For more than 40 years, Susan Jaekel has produced art. She began drawing at five years old, and pursued her passion to San Jose State University, where she earned a Bachelor of Arts in Graphic Design with a concentration in illustration. From 1977 to 1980, Jaekel left her artistic
mark on the gaming industry by providing box cover art for Atari 2600 games, including Adventure, 3-D Tic-Tac-Toe, Brain Games, Circus, and Basic Math. Jaekel’s non-gaming career includes illustrating for national children’s textbook publishers such as Addison-Wesley, Harcourt Brace Jovanovich, and Scott Foresman; Ravensburger’s puzzles and games; children’s trade books for Reader’s Digest Young Families; and sticker
designs for Hambly Studios. Her latest interests include fine art watercolor botanical paintings and animal portraits.

Brenda Laurel

Brenda Laurel began working with interactive media in 1976—in the computer game industry from Atari to Activision, and in research labs at Atari, Interval Research, and as a Distinguished Engineer at Sun Labs. At the Banff Centre, she co-designed and produced the groundbreaking virtual reality piece, Placeholder. She researched gender and technology at Interval and cofounded Purple Moon—interactive media for girls—in 1996. Laurel designed and chaired the Graduate Media Design Program at Art Center College of Design and the Graduate Design Program at California College of the Arts. She received the Trailblazer award from Indiecade in 2015 and the Nextant Prize from the Virtual World Society in 2017. Her books include The Art of Human-Computer Interface Design (1990), Utopian Entrepreneur (2001), and Computers as Theatre, Second Edition (2014). She currently serves as a member of the Board of Directors for the Virtual World Society, IxDA, and the Communication Research Institute in Australia.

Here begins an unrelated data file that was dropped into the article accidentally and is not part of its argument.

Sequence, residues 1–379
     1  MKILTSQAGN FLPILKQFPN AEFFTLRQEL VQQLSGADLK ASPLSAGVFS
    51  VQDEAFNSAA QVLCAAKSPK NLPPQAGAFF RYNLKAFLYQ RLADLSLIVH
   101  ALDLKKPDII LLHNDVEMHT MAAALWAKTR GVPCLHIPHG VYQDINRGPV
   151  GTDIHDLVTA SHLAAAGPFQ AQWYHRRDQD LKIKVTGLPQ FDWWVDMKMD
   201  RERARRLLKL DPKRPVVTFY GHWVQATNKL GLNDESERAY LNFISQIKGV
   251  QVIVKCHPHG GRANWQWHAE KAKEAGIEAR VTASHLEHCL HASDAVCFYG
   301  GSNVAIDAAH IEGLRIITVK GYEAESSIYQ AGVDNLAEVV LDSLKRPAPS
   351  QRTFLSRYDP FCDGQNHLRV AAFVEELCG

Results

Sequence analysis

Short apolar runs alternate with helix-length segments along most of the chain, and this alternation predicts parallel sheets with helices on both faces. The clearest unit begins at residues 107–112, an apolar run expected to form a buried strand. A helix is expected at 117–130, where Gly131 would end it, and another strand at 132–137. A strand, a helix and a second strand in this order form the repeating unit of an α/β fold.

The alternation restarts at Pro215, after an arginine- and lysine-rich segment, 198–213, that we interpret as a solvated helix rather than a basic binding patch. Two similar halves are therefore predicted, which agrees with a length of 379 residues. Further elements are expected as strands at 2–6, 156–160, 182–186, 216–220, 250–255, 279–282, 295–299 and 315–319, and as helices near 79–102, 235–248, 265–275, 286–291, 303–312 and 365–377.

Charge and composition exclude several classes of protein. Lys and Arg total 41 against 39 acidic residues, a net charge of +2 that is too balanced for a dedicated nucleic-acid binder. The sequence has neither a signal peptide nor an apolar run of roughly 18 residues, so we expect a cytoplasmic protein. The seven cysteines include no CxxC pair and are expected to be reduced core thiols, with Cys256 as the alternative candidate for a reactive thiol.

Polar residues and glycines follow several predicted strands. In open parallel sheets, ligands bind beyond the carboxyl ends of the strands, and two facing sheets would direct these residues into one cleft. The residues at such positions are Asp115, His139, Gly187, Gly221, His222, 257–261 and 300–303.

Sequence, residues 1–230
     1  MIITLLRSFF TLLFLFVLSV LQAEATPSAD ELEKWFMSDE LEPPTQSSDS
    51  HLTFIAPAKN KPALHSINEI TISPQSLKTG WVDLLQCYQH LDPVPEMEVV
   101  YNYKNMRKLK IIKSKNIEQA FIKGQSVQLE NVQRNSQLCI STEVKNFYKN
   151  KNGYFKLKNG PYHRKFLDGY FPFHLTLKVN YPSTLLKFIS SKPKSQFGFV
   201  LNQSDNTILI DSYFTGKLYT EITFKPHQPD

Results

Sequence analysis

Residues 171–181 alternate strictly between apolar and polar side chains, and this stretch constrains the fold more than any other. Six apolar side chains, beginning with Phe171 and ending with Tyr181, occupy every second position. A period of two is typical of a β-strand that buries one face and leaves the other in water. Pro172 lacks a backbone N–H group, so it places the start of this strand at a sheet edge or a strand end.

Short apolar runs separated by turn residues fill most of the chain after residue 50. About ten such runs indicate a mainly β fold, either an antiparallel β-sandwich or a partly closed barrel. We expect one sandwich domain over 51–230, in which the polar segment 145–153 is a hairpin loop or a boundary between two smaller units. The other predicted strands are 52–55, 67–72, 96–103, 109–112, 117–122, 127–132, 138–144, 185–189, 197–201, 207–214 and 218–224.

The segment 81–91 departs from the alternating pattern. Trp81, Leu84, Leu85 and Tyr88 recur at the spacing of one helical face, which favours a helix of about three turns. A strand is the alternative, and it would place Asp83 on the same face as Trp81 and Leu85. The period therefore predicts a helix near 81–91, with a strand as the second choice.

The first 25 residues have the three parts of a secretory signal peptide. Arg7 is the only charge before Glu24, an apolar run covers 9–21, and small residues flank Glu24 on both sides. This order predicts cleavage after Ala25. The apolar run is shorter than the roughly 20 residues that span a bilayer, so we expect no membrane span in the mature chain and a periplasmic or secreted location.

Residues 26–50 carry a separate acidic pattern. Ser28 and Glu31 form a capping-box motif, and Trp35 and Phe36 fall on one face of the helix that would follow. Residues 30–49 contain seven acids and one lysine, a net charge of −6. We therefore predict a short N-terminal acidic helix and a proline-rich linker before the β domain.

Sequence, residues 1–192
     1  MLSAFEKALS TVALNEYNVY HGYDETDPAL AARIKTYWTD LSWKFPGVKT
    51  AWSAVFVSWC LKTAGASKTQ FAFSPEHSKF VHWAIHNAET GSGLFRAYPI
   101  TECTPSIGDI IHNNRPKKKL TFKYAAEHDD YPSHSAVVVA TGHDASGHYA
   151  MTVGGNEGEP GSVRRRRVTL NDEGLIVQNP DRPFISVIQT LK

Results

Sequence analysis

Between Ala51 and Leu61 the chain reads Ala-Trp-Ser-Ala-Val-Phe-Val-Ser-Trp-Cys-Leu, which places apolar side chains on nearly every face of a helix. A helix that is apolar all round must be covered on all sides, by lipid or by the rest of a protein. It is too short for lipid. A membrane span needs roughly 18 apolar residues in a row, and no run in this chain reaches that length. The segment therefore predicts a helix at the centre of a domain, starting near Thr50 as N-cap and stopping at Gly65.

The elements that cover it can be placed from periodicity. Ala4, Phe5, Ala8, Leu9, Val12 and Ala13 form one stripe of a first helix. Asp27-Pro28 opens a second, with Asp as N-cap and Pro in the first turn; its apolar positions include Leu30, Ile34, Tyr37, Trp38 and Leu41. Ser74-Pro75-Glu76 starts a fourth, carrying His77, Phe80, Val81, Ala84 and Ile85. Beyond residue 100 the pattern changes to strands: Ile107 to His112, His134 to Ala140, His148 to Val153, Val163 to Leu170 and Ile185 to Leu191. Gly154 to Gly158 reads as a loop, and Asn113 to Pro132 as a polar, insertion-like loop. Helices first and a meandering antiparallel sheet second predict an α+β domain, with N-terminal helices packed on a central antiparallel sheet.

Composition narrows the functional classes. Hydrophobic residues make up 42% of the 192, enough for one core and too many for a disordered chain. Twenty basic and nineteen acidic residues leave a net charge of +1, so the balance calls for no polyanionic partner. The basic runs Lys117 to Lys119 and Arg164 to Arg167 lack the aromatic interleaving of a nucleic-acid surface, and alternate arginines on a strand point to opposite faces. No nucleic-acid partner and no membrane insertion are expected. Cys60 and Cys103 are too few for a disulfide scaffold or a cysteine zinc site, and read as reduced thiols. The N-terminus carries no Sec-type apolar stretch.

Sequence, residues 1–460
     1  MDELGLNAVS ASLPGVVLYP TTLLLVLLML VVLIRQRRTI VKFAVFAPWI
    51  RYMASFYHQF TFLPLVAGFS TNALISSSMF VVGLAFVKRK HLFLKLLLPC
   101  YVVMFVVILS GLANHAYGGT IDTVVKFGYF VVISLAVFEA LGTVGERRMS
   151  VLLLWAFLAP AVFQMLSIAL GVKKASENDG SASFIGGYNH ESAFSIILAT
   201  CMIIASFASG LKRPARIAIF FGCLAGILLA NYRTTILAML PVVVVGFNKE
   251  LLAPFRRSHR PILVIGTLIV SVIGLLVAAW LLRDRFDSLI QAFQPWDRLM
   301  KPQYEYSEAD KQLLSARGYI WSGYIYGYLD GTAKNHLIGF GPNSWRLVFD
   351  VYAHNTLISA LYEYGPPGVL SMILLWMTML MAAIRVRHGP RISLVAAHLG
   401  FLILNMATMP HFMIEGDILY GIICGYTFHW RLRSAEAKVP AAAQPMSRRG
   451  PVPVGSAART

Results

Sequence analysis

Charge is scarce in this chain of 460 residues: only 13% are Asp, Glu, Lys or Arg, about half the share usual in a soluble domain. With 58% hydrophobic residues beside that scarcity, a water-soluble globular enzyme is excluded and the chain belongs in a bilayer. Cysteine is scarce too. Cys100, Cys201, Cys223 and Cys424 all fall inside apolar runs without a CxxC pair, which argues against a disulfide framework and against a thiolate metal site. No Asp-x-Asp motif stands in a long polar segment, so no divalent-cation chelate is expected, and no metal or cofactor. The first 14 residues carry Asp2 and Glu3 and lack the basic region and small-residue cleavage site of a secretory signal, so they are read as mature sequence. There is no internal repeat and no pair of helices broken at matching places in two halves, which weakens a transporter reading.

Jen MacLean

As the Executive Director of the International Game Developers Association and the IGDA Foundation, Jen MacLean works to build a more inclusive game development community and support game developers around the world in achieving sustainable, fulfilling careers. From the start of her career as a playtester at Microprose Software, through senior roles at America Online, Comcast, 38 Studios, and StoryArc Media, MacLean has managed game development, strategy, marketing, business development and partnerships across multiple gaming platforms. She was named one of the “Game Industry’s 100 Most Influential Women” by Next Generation, one of the “Top 20 Women in Games” by Gamasutra, and is a frequently requested speaker at interactive entertainment industry events.

Sheri Graner Ray

Sheri Graner Ray has been a game designer, producer, and writer since 1989. She began her career at Origin Systems/Electronic Arts, where she wrote and designed games in the iconic Ultima franchise. At Her Interactive, she served as creative director and director of product development on early games marketed toward girls, such as McKenzie & Co. and the Nancy Drew series. At Sony Online Entertainment, she led a design team focused on the Star War Galaxies license. In 2014, she founded Zombie Cat Studios, an independent consulting firm specializing in game design and development. Ray is one of the game industry’s leading experts on gender and computer games, and she published the book Gender Inclusive Game Design: Expanding the Market in 2003. In 2005, she received the IGDA’s Game Developer’s Choice award for her work in gender and games. She also cofounded both Women in Games International and the Women in Game Development SIG of the IGDA.

Bonnie Ross